Tampa policing task force meets only minutes after Chauvin verdict

President Joe Biden said the conviction of former Minneapolis police officer Derek Chauvin in the death of George Floyd is a giant step towards racial justice

Biden and Harris called on Congress to act swiftly to address policing reform, including by approving a bill named for Floyd, who died with his neck under Chauvin's knee last May.

The footage drew outrage across the United States and triggered worldwide protests and violence.

On Tuesday, the world watched as Chauvin's verdict was read in court - guilty of second-degree murder, third-degree murder, and second-degree manslaughter.

"I wish elected officials would stop talking about this case, especially in a manner that's disrespectful to the rule of law and to the judicial branch and our function", he said shortly after sending the jury to begin deliberations. "May they find some peace with this decision".

Blue Shield of California CEO Paul Markovich called Tuesday's verdict evidence of the criminal justice system "at work".

"Painfully earned justice has finally arrived", he tweeted.

"This case is a turning point in American history for accountability of law enforcement and sends a clear message we hope is heard clearly in every city and every state", the statement read.

"That a family had to lose a son, brother and father; that a teenage girl had to film and post a murder, that millions across the country had to organize and march just for George Floyd to be seen and valued is not justice". Floyd can be heard on the video crying out for his mother and telling officers he could not breathe. "We recognize that there is still a lot of work to be done and we are committed to being a part of that progress".

Video showing Mr Floyd struggling with police drew outrage across the US. Chants of "George Floyd" and "All three counts" broke out. He said Chauvin feared a piece of paper would be confiscated. "I'm exhausted of seeing a white male can go into a location with an AR rifle and shoot up and kill everybody and live to get arrested, but African Americans are fighting to just survive a traffic stop and be unarmed", Dr. Holt told KGUN9.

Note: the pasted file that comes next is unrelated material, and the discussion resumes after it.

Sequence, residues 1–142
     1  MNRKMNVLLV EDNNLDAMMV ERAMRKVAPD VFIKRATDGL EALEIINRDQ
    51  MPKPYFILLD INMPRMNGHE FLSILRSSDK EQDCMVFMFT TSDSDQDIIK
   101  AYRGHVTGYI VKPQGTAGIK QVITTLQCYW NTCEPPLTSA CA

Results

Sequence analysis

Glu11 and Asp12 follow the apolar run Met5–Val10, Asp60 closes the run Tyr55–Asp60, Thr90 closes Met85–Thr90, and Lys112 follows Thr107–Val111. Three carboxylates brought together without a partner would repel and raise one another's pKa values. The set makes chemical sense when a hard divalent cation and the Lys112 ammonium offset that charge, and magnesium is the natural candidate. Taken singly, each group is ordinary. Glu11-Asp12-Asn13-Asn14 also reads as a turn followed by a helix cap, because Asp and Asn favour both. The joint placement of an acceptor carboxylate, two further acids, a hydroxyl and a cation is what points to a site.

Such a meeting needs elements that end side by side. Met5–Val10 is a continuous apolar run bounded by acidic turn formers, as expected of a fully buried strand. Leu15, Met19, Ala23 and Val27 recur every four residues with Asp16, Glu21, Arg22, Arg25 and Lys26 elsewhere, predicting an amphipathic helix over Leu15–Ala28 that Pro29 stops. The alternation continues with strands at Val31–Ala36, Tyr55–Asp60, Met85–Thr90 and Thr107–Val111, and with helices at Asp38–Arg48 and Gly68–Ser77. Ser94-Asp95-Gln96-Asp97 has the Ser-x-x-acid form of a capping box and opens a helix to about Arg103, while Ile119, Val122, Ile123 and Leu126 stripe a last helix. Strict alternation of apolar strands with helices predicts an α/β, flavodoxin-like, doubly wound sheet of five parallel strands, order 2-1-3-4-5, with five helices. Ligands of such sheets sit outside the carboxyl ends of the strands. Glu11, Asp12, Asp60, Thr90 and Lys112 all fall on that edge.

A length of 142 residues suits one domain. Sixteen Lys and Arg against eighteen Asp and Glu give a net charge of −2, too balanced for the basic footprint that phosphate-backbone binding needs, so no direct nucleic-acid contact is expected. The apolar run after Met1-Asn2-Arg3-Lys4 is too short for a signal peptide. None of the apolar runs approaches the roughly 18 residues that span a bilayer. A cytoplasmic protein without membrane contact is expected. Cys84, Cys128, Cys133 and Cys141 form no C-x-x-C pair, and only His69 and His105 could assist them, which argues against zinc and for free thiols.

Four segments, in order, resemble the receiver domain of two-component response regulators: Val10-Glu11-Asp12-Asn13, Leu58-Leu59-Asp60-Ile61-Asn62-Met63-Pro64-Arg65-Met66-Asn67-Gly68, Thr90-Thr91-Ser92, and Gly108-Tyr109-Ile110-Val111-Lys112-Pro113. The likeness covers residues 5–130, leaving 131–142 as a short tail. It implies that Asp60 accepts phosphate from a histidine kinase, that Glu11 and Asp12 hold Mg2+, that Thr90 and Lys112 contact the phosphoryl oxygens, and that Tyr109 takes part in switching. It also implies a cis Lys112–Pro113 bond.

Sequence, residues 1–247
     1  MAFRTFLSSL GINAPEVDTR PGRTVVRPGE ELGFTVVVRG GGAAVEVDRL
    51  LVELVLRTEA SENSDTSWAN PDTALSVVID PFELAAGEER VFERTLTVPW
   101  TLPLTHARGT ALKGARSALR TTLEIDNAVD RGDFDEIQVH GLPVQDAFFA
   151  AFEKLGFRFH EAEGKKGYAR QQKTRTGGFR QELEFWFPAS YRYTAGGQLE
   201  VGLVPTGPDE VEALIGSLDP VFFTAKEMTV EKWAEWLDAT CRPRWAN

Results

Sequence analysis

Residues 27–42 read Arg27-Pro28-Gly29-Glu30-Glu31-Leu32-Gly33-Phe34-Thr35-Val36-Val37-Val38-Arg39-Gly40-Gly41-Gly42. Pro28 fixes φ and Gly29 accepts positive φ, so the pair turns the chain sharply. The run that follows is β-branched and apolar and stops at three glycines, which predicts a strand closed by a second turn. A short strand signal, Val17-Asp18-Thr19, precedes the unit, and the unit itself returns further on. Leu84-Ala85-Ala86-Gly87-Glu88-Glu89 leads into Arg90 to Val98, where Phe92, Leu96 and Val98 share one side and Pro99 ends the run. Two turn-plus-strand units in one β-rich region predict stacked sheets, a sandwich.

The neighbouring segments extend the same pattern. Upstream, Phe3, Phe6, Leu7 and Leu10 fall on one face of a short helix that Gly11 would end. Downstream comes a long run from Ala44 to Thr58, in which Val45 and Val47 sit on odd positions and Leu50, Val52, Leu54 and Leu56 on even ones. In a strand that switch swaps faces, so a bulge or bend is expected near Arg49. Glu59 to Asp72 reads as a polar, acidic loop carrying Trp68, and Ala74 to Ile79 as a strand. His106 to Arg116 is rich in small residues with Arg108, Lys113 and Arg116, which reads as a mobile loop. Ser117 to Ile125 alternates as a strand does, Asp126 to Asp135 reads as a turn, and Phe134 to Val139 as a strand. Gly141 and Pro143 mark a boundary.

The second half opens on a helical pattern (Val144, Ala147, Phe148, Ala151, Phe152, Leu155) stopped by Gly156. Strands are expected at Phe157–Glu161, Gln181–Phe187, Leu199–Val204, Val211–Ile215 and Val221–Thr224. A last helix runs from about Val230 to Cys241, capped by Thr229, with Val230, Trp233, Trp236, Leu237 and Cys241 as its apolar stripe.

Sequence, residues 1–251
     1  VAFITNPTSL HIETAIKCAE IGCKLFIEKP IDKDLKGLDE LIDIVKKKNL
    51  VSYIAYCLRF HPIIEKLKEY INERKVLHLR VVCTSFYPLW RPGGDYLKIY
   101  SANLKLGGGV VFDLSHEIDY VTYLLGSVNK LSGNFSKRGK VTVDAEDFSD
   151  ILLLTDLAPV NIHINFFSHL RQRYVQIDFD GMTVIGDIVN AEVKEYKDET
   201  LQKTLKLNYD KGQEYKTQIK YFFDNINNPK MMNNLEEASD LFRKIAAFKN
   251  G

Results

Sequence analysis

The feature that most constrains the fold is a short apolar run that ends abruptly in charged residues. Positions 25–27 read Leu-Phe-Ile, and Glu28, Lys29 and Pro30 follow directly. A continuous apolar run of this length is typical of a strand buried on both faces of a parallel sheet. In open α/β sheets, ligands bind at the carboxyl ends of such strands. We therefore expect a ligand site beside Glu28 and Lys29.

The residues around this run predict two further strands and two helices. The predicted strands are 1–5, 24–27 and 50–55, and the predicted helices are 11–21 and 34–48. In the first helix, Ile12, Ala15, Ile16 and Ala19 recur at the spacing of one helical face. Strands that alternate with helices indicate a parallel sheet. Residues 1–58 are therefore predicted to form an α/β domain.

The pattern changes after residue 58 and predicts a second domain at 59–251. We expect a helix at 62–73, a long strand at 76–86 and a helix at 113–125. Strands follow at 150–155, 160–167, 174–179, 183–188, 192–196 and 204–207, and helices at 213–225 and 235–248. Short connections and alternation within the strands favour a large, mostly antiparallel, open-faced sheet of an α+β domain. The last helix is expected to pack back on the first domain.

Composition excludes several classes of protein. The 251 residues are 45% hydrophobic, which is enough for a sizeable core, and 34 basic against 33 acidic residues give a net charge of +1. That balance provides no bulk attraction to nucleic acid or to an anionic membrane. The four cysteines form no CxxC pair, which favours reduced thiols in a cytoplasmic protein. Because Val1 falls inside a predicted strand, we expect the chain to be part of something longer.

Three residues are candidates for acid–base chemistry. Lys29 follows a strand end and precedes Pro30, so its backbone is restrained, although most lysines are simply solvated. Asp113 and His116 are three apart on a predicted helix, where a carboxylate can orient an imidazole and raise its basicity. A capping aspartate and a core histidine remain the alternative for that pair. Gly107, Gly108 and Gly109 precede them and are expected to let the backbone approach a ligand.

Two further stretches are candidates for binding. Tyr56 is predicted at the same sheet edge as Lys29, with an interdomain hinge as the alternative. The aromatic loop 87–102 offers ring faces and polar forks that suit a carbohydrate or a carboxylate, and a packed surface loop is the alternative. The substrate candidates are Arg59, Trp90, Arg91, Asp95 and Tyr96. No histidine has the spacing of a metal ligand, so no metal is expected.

They say one of the most likely avenues of appeal is the huge publicity given to the case, with the defence team arguing that this might have influenced the jury. Prosecutors could seek a longer sentence of up to 40 years if Hennepin County District Judge Peter Cahill, who presided over the trial, determines that there were "aggravating factors".

Over the weekend, Ms Waters had urged protesters to "stay on the street" and "get more confrontational" if Chauvin were acquitted.

Speaking from the Oval Office while the jury was deliberating in Minneapolis, Biden said, "I'm praying the verdict is the right verdict".

"The reality is justice doesn't happen in the State of Nevada, so for Nevadans who are engaged in this topic it's really important for folks to understand what's happening locally", said Nissa Tzun, with the Forced Trajectory Project.

Their relief is shared by many in the city, a place that has been on edge for months. Nobody was criminally charged or convicted in Rice's death.

At least one viral social media post claimed that Chauvin - a 19-year veteran of the Minneapolis Police Department (MPD) who was sacked after a video of his fatal encounter with Floyd went viral - was likely to spend "the rest of his life in prison".

The 46-year-old bought a pack of cigarettes at a convenience store in South Minneapolis on the evening of 25 May 2020.



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